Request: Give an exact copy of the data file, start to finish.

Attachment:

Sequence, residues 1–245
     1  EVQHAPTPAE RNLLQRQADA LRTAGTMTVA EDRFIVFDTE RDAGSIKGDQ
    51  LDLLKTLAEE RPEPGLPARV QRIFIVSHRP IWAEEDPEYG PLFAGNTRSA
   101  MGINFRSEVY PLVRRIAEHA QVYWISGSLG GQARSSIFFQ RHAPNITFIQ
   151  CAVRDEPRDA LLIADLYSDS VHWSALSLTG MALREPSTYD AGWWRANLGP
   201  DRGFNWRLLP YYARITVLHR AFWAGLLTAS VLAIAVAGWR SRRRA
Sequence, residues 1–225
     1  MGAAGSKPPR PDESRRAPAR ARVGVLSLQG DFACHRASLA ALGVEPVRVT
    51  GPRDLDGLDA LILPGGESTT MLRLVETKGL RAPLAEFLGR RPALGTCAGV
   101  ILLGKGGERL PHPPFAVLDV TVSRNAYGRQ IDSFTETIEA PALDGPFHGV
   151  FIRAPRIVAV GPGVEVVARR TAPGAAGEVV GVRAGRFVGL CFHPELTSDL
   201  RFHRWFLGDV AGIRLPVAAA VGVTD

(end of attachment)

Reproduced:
Sequence, residues 1–245
     1  EVQHAPTPAE RNLLQRQADA LRTAGTMTVA EDRFIVFDTE RDAGSIKGDQ
    51  LDLLKTLAEE RPEPGLPARV QRIFIVSHRP IWAEEDPEYG PLFAGNTRSA
   101  MGINFRSEVY PLVRRIAEHA QVYWISGSLG GQARSSIFFQ RHAPNITFIQ
   151  CAVRDEPRDA LLIADLYSDS VHWSALSLTG MALREPSTYD AGWWRANLGP
   201  DRGFNWRLLP YYARITVLHR AFWAGLLTAS VLAIAVAGWR SRRRA
Sequence, residues 1–225
     1  MGAAGSKPPR PDESRRAPAR ARVGVLSLQG DFACHRASLA ALGVEPVRVT
    51  GPRDLDGLDA LILPGGESTT MLRLVETKGL RAPLAEFLGR RPALGTCAGV
   101  ILLGKGGERL PHPPFAVLDV TVSRNAYGRQ IDSFTETIEA PALDGPFHGV
   151  FIRAPRIVAV GPGVEVVARR TAPGAAGEVV GVRAGRFVGL CFHPELTSDL
   201  RFHRWFLGDV AGIRLPVAAA VGVTD